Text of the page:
11. Oh my God, you’re all a bunch of SNOTS! You people need to get laid… There, I wrote something,.. now go and mindfuck it for the next ten hours. Freaks.

  12. I beg to differ. I think Grammar Girl used her own “mistake” as a teachable moment. She has a sense of humor; she knows what she’s doing. She has, in other podcasts, addressed other nonstandard and colloquial terms, and she freely admits that there’s not one way to say anything. As a copy editor, I try to read and listen to all grammar related books and podcasts that I can get my hands on. (Or “on which I can get my hands.”)

  13. Reblogged this on Tech 'n' Edit and commented:
    An education in linguistics seems very beneficial. I’ve always like the term “language arts.” Guidelines for grammar, and other aspects of the English language, is necessary. We can’t all go around making up the rules as we go along! However, flexibility of these guidelines are also a must. English is, as James pointed out, is a crazy language with a lot of turns and twists. Grammar Girl, I think you’ve tried your best to answer all of English’s idiosyncrasies — it’s just not meant to be.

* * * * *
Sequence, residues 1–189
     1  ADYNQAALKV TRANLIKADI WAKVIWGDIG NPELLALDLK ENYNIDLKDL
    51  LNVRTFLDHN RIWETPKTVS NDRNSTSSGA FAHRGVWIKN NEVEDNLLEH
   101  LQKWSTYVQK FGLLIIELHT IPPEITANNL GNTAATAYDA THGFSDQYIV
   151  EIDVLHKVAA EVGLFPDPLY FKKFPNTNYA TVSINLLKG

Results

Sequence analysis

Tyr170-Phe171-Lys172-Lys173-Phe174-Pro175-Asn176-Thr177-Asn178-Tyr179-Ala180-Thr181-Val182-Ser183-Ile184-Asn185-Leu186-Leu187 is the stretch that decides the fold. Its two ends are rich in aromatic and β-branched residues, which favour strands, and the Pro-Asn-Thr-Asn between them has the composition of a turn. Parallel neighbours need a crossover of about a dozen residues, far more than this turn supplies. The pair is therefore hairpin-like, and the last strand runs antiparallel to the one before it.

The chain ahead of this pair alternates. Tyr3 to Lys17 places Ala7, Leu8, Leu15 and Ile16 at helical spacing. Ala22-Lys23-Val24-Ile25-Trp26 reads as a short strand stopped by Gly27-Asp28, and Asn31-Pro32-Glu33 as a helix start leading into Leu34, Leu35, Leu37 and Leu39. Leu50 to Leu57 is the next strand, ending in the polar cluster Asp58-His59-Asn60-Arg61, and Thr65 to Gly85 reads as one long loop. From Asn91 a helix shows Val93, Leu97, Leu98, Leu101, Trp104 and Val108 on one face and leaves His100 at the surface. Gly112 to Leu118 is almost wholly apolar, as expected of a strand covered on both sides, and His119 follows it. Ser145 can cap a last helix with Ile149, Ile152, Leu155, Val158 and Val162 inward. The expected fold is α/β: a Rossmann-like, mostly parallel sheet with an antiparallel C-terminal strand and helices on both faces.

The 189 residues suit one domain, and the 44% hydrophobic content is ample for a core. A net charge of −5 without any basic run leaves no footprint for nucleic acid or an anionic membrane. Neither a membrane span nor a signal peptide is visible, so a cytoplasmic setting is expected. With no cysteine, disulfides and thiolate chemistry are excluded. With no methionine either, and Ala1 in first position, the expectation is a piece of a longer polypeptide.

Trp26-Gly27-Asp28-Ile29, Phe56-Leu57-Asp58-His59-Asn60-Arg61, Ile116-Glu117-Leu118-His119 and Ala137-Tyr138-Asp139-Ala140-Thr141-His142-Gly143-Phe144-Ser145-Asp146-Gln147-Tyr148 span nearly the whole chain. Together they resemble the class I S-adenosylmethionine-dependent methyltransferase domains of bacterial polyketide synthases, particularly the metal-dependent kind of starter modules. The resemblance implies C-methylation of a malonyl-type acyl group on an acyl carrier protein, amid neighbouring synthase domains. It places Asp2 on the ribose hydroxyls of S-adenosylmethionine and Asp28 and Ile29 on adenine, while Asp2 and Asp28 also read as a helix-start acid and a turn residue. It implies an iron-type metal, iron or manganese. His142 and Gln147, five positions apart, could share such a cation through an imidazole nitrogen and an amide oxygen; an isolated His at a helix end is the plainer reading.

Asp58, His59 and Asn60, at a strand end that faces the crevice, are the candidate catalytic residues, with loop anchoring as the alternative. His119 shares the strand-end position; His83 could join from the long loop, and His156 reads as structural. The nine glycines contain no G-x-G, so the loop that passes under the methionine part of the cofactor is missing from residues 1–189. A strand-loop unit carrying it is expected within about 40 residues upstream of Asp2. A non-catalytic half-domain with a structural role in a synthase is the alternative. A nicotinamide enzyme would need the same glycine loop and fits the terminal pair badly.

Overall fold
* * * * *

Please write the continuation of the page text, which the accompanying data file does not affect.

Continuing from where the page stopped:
14. Grammar Girl, in my estimation, strikes the right balance between descriptivism and prescriptivism. Nothing will ever change the fact that some common usage patterns just sound “wrong” to the large majority of influential, powerful, wealthy speakers of English; you defy their intuitions at your own risk. But Fogarty is very good at puncturing longstanding usage myths; she is almost always on the side of expressive, clear writing against overcorrection and pedantry. I take your point here — “that’s where it’s at” is clearly appropriate in some circumstances. But it’s also inappropriate in some circumstances, and the line between them is sometimes fine indeed. In cases of uncertainty, conflicting rules, or widespread disagreement, Fogarty errs on the side of caution, and I think she’s right to do so.

    So I really don’t think the comparison to “Touch nothing”/”Don’t touch anything” is very good*. Neither of those phrases runs afoul of any pedantic rules (as far as I can tell), but “that’s where it’s at” does. If you’re writing formal or even semi-formal prose — the register Grammar Girl writes in, I think — it makes sense to err on the side of caution.

    *However, that is a wonderful example of the kind of nuance you’re talking about, and I plan to steal that example for my writing class!